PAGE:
Grades3 to 12
In the ClassroomUse this interactive coral reef in a study of nonrenewable resources, conservation, or ecosystems. Put the site on the interactive whiteboard or projector and watch your class jump into the water! As a starting point for Socrates seminar, debates, and persuasive writing, this site offers a great variety of passionate debate! Using this site as a model, have your students make a similar situation with other ecosystems. Have students create other scenarios for non-renewable resources, arguments for alternative energy, or even bring closer to home with a local dilemma. In writing class, develop an interactive based on the book Hoot by Carl Hiaasen. Why not have students create a Prezi presentation (reviewed here), simple to use with endless possibilities. Use the model for other scenarios and develop other story ideas. Use a problem based learning scenario into ways humans affect the environment. These activities will engage every learner!
Grades6 to 12
In the ClassroomThis is a great find for gifted students, those working to advance their vocabulary levels, and for ESL/ELL students who may be puzzled by rapidly changing idiomatic language around them. Be sure to include this site on your class web page for students to access both in and outside of class for future reference. When teaching word study, such as roots and affixes, include this site to show how new words evolve and that language is a living thing. Perhaps even share a word a day from this site for students to guess the definition.
During a study of dictionary skills, discuss with students how new words might come to be in the dictionary. Have small groups of students brainstorm slang words they've heard around school and their neighborhoods. Once they have their list, they can look these words up on Word Spy. For any word that isn't there, have them create an online, interactive poster using Adobe Spark, reviewed here, or simple web page using Jimdo, reviewed here, as a page that could be included in Word Spy.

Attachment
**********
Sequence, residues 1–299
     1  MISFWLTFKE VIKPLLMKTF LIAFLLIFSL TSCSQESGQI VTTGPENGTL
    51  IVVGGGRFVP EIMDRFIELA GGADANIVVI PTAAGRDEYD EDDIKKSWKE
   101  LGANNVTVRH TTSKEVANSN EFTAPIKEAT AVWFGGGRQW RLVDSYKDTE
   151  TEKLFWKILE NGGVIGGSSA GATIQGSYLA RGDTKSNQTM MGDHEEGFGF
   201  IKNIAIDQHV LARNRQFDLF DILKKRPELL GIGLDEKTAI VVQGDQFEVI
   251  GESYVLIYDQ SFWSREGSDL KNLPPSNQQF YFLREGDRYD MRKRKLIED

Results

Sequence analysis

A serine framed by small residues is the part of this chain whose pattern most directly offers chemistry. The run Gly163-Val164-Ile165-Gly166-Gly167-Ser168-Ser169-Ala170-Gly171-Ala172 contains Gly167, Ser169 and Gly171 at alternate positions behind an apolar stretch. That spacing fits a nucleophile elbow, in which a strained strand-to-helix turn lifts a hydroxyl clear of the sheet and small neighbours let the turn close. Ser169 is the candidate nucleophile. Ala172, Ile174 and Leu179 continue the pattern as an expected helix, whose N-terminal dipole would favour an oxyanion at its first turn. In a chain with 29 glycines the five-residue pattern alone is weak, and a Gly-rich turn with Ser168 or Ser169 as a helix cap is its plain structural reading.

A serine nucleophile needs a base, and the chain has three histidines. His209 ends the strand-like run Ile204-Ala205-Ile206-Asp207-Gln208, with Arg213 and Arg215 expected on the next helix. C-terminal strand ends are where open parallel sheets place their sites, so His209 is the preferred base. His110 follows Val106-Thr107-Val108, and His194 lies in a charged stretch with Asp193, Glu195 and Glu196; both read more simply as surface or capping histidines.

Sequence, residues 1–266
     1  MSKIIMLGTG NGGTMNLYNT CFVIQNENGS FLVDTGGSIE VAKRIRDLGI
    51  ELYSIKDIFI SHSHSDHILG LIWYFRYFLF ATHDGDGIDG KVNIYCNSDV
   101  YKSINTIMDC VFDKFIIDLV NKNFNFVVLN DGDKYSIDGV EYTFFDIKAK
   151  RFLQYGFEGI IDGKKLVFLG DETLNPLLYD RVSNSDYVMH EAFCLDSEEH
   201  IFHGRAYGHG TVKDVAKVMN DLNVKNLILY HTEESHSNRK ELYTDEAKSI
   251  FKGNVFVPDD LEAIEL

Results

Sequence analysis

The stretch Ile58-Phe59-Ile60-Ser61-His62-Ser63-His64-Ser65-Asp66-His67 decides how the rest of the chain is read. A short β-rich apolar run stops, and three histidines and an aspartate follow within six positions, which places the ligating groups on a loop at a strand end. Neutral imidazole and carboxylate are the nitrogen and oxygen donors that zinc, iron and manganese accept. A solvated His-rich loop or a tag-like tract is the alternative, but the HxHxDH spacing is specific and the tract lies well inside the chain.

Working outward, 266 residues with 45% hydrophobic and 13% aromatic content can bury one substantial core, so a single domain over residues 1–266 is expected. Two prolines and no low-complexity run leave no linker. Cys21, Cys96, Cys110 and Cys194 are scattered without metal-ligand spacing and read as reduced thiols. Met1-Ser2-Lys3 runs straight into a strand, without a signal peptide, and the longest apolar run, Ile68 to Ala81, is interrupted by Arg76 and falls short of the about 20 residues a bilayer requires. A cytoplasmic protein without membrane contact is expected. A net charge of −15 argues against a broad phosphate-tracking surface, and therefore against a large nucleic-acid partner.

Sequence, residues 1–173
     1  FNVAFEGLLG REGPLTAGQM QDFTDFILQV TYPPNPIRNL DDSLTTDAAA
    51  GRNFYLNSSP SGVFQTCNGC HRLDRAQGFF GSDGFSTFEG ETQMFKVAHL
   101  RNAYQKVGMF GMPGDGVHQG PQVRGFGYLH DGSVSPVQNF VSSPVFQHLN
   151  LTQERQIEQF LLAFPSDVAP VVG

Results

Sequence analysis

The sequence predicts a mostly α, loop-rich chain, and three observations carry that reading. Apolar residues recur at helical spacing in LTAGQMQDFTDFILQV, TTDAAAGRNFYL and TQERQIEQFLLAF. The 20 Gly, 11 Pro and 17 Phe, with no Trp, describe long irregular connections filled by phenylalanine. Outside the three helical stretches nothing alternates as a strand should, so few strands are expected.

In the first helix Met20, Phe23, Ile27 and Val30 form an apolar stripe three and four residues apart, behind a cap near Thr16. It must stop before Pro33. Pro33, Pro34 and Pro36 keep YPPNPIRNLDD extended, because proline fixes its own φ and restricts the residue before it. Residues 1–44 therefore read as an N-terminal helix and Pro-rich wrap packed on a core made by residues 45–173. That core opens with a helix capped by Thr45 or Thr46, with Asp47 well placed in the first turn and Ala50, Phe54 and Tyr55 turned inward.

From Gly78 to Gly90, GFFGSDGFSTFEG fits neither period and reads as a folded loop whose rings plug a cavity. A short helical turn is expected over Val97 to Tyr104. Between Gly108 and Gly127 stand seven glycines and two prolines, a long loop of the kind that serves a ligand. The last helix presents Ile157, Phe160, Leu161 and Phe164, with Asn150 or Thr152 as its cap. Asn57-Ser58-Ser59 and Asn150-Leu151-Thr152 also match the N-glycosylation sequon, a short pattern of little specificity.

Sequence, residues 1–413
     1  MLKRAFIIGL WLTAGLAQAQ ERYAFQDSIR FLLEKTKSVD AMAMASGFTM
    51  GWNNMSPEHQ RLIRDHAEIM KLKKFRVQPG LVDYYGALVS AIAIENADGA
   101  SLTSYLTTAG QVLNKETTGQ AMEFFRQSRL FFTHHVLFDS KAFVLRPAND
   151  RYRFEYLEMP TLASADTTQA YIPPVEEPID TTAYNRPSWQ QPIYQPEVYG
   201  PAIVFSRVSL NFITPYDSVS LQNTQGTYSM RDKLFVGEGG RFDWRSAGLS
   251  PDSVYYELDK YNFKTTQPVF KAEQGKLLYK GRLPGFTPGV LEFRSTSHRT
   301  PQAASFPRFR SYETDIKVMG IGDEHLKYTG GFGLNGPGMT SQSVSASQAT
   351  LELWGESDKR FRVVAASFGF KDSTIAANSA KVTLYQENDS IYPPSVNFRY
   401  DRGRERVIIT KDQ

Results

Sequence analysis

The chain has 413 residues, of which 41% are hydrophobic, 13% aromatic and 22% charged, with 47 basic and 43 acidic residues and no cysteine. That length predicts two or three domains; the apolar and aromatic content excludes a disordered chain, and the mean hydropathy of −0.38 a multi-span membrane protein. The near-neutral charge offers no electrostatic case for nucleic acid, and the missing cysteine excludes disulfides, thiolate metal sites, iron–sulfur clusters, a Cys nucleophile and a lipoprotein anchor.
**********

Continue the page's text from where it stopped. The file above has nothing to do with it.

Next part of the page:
Grades1 to 12
In the ClassroomPodomatic does not allow memberships for those under 13. Teachers using this tool with younger students should do so under supervision and with a teacher-controlled account. You will want to supervise or establish consequences so students do not spend time on the public areas of the site and instead proceed to creating their podcasts. This is an opportunity to teach about digital citizenship and safety, such as steering clear of interaction and avoiding sharing any identifiable information about yourself in a podcast. You may want to share the links to class podcasts only with your students and parents. If you have students record podcasts as assignments, you may need multiple accounts because the free accounts have limited file space. An elementary teacher might have enough space for 25 students to keep a limited number of products on his/her own account, depending upon length.